Ahead of elections in January 2020, debates around what constitute “Taiwanese values” have erupted in Taiwan’s public discourse. Eager to create distance from China, politicians have cited political freedom, rule of law, and respect for human rights among characteristics that make Taiwan distinctively Taiwanese. Fittingly enough, 2019’s most renowned Taiwanese TV show incorporates all these ideals. Now available for streaming on HBO in the US, crime drama The World Between Us (我們與惡的距離) offers not only gripping entertainment, but also a multifaceted display of Taiwan’s democratic societal norms.
Spinning A Tight Web
Produced in collaboration between HBO Asia, CatchPlay, and Taiwan’s Public Television Service, The World Between Us documents the aftermath of a mass shooting in a Taipei movie theater. Each of the show’s wide-ranging cast of characters relates to the shooting in a different way. First there’s Wang She (Wu Kang-jen), a defense attorney whose desire to serve society’s marginalized—including by defending the theater shooter—strains his young family. Then there’s Li Ta-chih (Chen Yuu), a young woman working at a TV news station. We quickly learn Li is the shooter’s sister, and has changed her name in order to escape the stigma of her brother’s crime.
Coincidentally, Li’s boss—a hard-charging woman named Sung Chiao-an (Alyssa Chia)—lost her son in the theater shooting. Saddled with guilt over her son’s death, Sung lashes out at not only her TV station employees, but also her print journalist husband Liu Chao-kuo (James Wen). To close the character connections loop, it turns out that attorney Wang She has enlisted Liu to investigate the shooter’s true motive.
It’s quite laudable how The World Between Us maintains this web of characters, none of whom is the dominant protagonist. The show’s narrative arc deftly transitions between different characters’ perspectives, and weaves those perspectives into layers of dramatic tension and character complexity. At no point does The World Between Us’ plot progression feel confused or overburdened, and that’s a testament to its tight screenwriting.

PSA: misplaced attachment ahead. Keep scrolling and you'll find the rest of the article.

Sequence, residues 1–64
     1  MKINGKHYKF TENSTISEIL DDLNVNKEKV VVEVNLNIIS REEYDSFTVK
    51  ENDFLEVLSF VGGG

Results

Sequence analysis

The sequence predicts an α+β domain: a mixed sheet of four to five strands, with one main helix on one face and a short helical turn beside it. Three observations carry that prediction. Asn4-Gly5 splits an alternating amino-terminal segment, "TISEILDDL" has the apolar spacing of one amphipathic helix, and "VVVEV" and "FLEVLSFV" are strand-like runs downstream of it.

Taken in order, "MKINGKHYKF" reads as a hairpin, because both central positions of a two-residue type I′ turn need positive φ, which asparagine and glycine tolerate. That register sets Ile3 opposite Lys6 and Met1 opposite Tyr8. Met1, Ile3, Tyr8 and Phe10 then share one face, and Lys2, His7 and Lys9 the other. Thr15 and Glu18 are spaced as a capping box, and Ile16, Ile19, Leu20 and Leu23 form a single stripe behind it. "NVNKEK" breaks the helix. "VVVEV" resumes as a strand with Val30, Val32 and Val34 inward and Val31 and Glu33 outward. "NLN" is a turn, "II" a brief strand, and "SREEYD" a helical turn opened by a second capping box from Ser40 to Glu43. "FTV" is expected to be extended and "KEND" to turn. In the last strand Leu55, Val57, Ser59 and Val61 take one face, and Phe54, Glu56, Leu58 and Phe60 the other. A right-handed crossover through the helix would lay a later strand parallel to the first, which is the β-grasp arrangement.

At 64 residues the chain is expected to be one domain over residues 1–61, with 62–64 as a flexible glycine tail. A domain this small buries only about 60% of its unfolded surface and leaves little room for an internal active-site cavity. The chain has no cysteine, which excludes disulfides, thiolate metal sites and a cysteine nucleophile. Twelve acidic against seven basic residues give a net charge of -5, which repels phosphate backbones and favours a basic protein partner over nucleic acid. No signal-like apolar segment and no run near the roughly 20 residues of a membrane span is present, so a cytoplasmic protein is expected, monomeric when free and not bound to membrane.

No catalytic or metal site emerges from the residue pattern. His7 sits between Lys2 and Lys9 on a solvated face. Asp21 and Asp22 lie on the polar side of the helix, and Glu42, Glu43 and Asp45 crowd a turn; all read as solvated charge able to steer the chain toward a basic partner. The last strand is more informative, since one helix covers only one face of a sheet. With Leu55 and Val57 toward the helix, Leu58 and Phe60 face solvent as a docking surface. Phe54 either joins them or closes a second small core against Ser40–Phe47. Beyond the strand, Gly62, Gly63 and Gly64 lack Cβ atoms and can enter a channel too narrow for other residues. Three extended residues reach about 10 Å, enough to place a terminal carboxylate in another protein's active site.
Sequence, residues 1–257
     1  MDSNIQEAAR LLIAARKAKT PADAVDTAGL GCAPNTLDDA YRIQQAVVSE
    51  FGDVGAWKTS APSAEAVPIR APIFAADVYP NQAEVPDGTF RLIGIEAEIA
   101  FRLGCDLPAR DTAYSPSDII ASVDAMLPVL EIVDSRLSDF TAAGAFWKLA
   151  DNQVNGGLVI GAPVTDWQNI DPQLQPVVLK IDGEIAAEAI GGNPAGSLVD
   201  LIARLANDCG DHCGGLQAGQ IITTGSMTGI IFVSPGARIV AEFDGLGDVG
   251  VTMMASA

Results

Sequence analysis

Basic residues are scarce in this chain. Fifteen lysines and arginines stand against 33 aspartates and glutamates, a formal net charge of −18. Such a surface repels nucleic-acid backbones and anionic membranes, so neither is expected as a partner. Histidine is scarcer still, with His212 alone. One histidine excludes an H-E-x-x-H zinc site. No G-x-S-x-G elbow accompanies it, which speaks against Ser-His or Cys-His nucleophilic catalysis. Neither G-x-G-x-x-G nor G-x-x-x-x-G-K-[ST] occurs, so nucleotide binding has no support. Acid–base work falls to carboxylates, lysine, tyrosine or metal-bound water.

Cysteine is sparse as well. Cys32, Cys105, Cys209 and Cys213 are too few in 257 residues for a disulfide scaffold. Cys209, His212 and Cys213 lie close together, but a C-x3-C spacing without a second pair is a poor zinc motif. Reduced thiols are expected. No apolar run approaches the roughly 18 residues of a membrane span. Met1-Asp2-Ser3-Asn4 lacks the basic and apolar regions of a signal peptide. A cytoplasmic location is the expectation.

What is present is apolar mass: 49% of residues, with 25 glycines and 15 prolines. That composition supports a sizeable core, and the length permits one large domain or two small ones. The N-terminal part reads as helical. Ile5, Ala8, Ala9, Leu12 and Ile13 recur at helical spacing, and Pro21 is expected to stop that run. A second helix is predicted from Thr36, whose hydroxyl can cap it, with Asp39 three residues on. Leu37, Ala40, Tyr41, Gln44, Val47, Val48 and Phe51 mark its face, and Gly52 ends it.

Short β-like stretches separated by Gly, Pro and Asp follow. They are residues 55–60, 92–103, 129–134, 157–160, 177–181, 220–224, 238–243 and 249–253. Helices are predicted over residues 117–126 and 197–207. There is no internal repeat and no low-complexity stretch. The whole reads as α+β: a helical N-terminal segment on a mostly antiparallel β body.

Evil and Social Realism
Historically, Taiwanese dramas have emphasized sappiness and melodrama over good storytelling and high production quality. The World Between Us flips that paradigm. The show completely eschews the lovey-dovey subplots and stilted acting characteristic of past dramas like Meteor Garden, and instead leans heavily into well-crafted social realism.
Atop its initial premise around the theater shooting, The World Between Us explores myriad social issues relevant to contemporary Taiwan. These include the death penalty, mental health stigmas, and media sensationalism. For instance, the show contains multiple scenes where attorney Wang She exhorts how Taiwan’s legal system should respect international human rights standards as well as have more empathy for the mentally ill. We’re also treated to a juicy moment when Taiwan’s National Communications Commission censures Sung Chiao-an’s news program, sparking a discussion about journalistic ethics and how modern media outlets balance reporting rigor against driving viewership. Both of these examples are unprecedented for mainstream Mandarin-language TV shows.